Pet Fur is also a no-no.  If your pet is taking medications, or you use flea powders or flea shampoos on them, their fur is also "contaminated".  Baby birds are naked (just like human babies) when they are born.  Anything that cause a reaction to their tender little bodies should be avoided at all costs.
birdhouses, building birdhouses, watching nature
Naked baby birds!


It would be much better for you to spend your time reading a little about what they would appreciate and then building a nice house for them to enjoy.  The most perfect part of this whole idea is that you will build one house, but that two families will get to enjoy it.  The bird family and your family too!

More about Birds from the writers at Review This Reviews:


You can read more about the life cycle of a Robin at Tracey's Review of that incredible sight at her home.
Birdwatching and Photography go hand in hand.  One of Review This Reviews writers, Mary Beth Granger, has shown and taught us how to capture some beautiful pictures of the birds in her area. If you love Bluebirds you can read up right here!  Or if Woodpeckers tickle your fancy, you can check out some great pictures and facts Review of Woodpecker Facts and Photography 





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Thursday, February 28, 2019

Review of Woodpecker Facts and Photography

                                                                         Downy Woodpecker

I have been fascinated by woodpeckers for a long time, but I didn't realize there were so many different types of woodpeckers.  This year I purchased a peanut feeder for my backyard.  When I started to see different types of woodpeckers using the feeder I checked out information about woodpeckers  both online and in my Backyard Birds guide.  In this post I will show you photos and facts about the four types of woodpeckers that have visited my backyard.


Northern Flicker

The Northern Flicker is a very handsome bird.  It has a brown back with black bars and a very distinct crescent of black on the chest. In flight the white rump is very conspicuous.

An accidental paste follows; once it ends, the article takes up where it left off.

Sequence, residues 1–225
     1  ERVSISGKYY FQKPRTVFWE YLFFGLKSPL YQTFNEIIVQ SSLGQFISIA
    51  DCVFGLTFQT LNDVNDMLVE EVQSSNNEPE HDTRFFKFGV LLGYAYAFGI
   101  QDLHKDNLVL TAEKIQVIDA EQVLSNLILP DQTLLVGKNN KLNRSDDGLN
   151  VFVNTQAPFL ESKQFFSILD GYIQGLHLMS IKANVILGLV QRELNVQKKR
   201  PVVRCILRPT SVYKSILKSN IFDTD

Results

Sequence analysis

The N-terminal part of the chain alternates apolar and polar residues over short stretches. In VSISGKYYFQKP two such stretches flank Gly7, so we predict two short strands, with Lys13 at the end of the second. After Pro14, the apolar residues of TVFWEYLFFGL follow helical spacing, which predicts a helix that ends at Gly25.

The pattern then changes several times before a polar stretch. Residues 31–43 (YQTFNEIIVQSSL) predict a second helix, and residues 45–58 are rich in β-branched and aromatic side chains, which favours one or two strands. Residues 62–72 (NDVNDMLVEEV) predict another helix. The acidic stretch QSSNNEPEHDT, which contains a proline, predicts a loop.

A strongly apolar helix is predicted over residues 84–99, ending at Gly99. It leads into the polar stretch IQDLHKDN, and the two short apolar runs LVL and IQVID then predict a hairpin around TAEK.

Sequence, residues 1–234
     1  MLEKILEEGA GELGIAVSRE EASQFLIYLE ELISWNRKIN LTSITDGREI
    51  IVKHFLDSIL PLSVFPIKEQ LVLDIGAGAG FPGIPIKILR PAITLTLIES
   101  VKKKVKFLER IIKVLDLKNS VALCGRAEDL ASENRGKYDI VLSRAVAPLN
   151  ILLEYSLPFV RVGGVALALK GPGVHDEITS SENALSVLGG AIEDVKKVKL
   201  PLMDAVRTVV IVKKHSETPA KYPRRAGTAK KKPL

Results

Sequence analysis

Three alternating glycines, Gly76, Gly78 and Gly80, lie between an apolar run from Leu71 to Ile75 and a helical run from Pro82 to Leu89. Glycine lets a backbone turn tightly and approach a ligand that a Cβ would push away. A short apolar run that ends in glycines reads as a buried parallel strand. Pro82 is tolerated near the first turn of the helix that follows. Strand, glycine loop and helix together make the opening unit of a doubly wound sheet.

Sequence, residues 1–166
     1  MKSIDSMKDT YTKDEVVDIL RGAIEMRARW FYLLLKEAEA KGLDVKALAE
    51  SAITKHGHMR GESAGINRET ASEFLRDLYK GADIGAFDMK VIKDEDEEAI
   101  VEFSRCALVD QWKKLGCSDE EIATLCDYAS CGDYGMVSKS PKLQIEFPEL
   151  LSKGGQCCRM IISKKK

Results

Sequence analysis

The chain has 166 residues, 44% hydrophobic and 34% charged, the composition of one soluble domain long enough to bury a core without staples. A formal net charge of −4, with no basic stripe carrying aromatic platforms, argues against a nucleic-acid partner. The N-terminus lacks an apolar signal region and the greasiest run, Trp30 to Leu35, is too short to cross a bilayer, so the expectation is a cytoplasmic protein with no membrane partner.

These woodpeckers usually forage on the ground for food, but I have also seen them at my suet feeders.

Downy Woodpecker

Downy Woodpeckers are the most common ones that I see in my backyard.  They visit year round and are fairly small birds.  These small tubular looking woodpeckers are very delicate looking.  They have crisp black and white plumage and the males have a red patch toward the back of the head.  They have a larger look-alike cousin the Hairy Woodpecker.

Red-Bellied Woodpecker

The Red-Bellied Woodpecker is a large bird with zebra type stripes across the back.  The red belly is really just a pink tinge across the white chest.  The really red part is on the head.  The male has a bright red cap that extends from the bill all the way down the nape.  The female is similar to the male except that the red cap is only in the  nape area.

Yellow-bellied Sapsucker

I have only seen this bird one day in my yard.  I was able to capture photos from several angles and posted it on birding sites.  The consensus was that it is a Yellow-bellied Sapsucker.  My bird book says that I probably caught it on its' migration south.

These birds are rather large woodpeckers with a striped face pattern and a long white slash on the wing.  The male has a red throat and forecrown.  The female has white throat and red fore crown, so I would say the photo above is a male Yellow-bellied woodpecker.


Feeders for  Woodpeckers

I have two types of feeders that I use to attract woodpeckers.  The first is a cage like feeder that I fill with suet cakes.  You can see a Northern Flicker enjoying a suet cake in the photo below.
This type of feeder is also visited by several other types of birds.

This year I purchased a peanut feeder and it has been very popular with both woodpeckers and nuthatches.  This feeder is filled with unshelled peanuts and it is fun to watch the birds peck away till they get the nut out of the shell.  This keeps them at the feeder longer and helps me to capture them with my camera.  Below is a Red Breasted Nuthatch that visited the peanut feeder.

I purchased my peanut feeder on Amazon.  You can get your own by following the link below.
                                                           




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Thursday, April 27, 2017

Reviewing Tips on Backyard Perch for Bird Photography

Goldfinch on Perch
Backyard bird photography can be a relaxing and rewarding hobby.  There are many books to give you ideas on getting the most of backyard bird photography and they contain tips on everything from feeders, to lighting, to setting up an ideal setting for the birds. 

Setting up a Natural Looking Perch

On this page I would like to concentrate on one aspect of backyard bird photography, setting up a natural looking perch.  I have been photographing birds for a few years now, but I always felt I was fighting the background and surrounding features in my backyard. I would photograph birds on the feeders and sitting on the shepherds hooks but just never quite got that photo I was trying to get. When our photography club announced that our speaker would be talking on backyard bird photography I was really excited to be going and getting some tips.